How to Run with Rheumatoid Arthritis


Patients who suffer from rheumatoid arthritis can greatly benefit from undertaking physical exercise. Constant movement of the joint keeps mobility levels up and helps decrease pain. Because rheumatoid arthritis often makes it difficult for patients to make any kind of movement, you might not find it impossible to even start running without some practice. Doing physical exercise proves beneficial for rheumatoid arthritis patients, but you should always consult with your doctor before starting any type of treatment or taking up running, as rheumatoid arthritis cases differ from one person to another.

1. You will need special shoes to start running. Go to a specialized store and get your running shoes fitted. Tell the shop attendant you need a rigid heel, good arch support and a deep toe box for your shoes. Even healthy people develop knee and muscle problems if they run in the wrong shoes, so practice extra care when it comes to selecting shoes.

2. Take your time to stretch and move your joints before starting to run. Make a routine out of doing a wide range of movements for at least 10 minutes. Avoid movements that prove too painful, and don’t push your body. You will get more mobility in time, as long as you practice consistently. Combine running with weight lifting. Get some light weights and lift them gently a few times a week. Building strength in your joints and muscles proves beneficial for treating arthritis, according to a study published in Harvard Health Publications (http://www.health.harvard.edu/).

3. Start by running on a treadmill. This proves less aggressive on the joints than running on the sidewalk or city streets. In the beginning you will feel tired after only a few minutes. Alternate running with walking by doing five minutes of running and five minutes of running. Gradually increase the running time and decrease the walking time. After you build some endurance, you can start running outside, whether in the park or on the sidewalk.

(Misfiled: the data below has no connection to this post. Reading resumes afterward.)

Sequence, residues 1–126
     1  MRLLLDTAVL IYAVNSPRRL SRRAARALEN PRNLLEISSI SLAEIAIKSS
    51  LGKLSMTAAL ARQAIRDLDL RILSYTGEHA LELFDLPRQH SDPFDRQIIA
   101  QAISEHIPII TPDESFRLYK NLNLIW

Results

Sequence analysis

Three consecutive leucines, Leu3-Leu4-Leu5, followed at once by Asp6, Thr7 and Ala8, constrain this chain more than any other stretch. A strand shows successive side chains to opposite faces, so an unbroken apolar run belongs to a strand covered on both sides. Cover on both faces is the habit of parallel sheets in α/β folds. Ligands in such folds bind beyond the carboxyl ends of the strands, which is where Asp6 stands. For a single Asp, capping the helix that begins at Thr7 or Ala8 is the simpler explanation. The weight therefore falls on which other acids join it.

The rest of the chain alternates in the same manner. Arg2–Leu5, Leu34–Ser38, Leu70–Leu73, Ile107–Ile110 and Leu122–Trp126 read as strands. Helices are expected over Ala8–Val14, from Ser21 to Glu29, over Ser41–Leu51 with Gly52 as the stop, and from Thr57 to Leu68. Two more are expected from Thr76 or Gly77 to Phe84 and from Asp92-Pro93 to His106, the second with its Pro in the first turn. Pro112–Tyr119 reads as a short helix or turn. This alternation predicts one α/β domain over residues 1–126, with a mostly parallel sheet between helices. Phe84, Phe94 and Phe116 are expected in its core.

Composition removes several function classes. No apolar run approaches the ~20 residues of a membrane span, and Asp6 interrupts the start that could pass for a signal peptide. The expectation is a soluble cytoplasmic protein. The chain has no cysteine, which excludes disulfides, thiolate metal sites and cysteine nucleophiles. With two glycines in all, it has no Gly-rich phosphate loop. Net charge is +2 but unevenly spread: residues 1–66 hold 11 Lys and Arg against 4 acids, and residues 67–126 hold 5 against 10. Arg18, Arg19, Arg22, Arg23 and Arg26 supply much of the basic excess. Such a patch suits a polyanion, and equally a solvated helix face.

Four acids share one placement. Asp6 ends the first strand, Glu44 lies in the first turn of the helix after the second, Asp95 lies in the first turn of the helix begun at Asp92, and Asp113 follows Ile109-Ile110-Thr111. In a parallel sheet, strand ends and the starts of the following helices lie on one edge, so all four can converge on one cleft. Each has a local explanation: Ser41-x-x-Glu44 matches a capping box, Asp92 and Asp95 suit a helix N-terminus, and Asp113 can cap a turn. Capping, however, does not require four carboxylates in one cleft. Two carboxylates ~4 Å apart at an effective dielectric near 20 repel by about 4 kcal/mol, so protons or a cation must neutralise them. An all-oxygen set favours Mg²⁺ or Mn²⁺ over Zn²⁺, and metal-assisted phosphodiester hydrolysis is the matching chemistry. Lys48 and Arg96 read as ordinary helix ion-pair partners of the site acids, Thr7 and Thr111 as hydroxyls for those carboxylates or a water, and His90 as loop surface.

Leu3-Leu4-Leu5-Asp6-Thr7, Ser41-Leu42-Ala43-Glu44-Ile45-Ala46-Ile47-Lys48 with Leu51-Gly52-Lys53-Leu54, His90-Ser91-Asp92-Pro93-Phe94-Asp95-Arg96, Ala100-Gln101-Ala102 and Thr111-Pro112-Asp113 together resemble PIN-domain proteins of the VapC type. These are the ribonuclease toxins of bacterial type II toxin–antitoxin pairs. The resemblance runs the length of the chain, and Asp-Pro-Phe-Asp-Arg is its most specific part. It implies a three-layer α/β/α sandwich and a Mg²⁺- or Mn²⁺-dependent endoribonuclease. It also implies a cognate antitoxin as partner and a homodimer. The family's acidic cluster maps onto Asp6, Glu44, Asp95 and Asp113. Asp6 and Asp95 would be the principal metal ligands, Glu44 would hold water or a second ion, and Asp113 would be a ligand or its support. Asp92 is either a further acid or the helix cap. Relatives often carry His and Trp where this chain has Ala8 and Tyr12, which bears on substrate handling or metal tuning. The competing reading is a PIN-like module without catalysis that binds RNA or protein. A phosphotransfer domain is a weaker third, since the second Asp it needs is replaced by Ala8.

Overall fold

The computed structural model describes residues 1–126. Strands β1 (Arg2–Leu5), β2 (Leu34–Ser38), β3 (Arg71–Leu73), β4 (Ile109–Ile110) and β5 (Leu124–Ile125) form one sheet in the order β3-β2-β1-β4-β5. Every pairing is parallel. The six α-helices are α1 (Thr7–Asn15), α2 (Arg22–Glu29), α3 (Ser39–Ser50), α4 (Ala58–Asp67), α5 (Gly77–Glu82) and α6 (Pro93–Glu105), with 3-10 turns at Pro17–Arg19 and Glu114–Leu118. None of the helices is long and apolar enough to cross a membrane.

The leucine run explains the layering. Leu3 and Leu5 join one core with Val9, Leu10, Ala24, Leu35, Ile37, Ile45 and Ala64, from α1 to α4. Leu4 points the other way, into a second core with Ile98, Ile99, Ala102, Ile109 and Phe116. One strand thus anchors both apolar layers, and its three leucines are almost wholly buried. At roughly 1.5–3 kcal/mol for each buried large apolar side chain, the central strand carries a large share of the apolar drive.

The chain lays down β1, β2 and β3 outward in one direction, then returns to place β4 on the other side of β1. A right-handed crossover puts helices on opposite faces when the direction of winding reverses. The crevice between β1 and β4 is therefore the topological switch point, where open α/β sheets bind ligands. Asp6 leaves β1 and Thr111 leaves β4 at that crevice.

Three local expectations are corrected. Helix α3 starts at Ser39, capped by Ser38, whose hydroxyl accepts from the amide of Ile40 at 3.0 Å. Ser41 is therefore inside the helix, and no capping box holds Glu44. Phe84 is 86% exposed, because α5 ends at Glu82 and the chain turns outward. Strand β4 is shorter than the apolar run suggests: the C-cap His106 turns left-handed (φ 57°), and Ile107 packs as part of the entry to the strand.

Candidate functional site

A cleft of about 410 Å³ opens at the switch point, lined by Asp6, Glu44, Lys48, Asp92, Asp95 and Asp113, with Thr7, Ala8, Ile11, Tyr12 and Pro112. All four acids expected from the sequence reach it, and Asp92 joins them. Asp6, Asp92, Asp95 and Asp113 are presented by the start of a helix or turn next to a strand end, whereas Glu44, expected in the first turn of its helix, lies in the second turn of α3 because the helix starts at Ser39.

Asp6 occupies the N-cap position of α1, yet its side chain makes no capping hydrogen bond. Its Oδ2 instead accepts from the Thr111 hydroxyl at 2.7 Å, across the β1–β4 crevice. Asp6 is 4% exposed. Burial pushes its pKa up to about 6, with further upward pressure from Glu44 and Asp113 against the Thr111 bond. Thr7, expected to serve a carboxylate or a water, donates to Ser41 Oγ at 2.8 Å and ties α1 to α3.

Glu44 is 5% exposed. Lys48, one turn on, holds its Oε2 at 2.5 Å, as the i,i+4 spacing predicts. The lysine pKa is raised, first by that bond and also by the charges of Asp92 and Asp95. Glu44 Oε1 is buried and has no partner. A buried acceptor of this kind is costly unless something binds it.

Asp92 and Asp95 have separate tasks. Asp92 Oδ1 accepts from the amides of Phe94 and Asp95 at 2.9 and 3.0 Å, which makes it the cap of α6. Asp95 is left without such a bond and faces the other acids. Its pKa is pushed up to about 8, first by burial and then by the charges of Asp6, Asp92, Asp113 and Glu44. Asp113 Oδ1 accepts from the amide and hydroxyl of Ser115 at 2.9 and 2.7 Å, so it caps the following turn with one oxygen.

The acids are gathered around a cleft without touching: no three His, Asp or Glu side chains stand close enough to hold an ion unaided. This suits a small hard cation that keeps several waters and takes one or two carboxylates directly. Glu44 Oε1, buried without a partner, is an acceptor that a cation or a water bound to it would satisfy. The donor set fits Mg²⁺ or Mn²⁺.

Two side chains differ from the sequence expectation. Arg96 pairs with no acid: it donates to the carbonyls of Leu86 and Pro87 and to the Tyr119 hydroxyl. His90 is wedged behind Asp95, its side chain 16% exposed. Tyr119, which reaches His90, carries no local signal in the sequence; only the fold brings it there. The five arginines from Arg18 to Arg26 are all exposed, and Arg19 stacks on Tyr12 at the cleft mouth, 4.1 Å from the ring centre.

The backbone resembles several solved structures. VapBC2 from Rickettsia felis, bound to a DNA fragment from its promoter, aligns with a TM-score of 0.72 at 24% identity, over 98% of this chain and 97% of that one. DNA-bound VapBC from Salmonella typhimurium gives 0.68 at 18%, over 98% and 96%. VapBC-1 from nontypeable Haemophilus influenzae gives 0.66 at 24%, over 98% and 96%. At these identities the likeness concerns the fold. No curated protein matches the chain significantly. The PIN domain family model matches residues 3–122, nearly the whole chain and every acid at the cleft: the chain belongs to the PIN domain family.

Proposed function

4. Always listen to your body. If it tells you to stop, don’t push yourself. If your joints hurt too much, relax and massage them softly. Even if some days you don’t feel like exercising, do it anyway—even if it’s just a short session with some light exercises. You need to keep your joints moving to constantly stimulate circulation.

5. Take your pain medication after exercising. Pain medication causes your body to relax, and you might not have the ability to read pain signals correctly. Don’t take your pain medication before exercising in order to avoid injury.

6. Relax after your running session and do another 10 minutes of light stretching. Make sure you sleep well: at least eight hours every night. Your body needs to recover and function well in order to fight the pain and inflammation in your joints. Also maintain a healthy diet and lose extra weight, if necessary. Obesity puts a lot of pressure on the joints, making them more fragile and painful.

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About the Author: Andrew Reinert is a health care professional who loves to share different tips on health and personal care. He is a regular contributor to MegaHowTo and lives in Canada.

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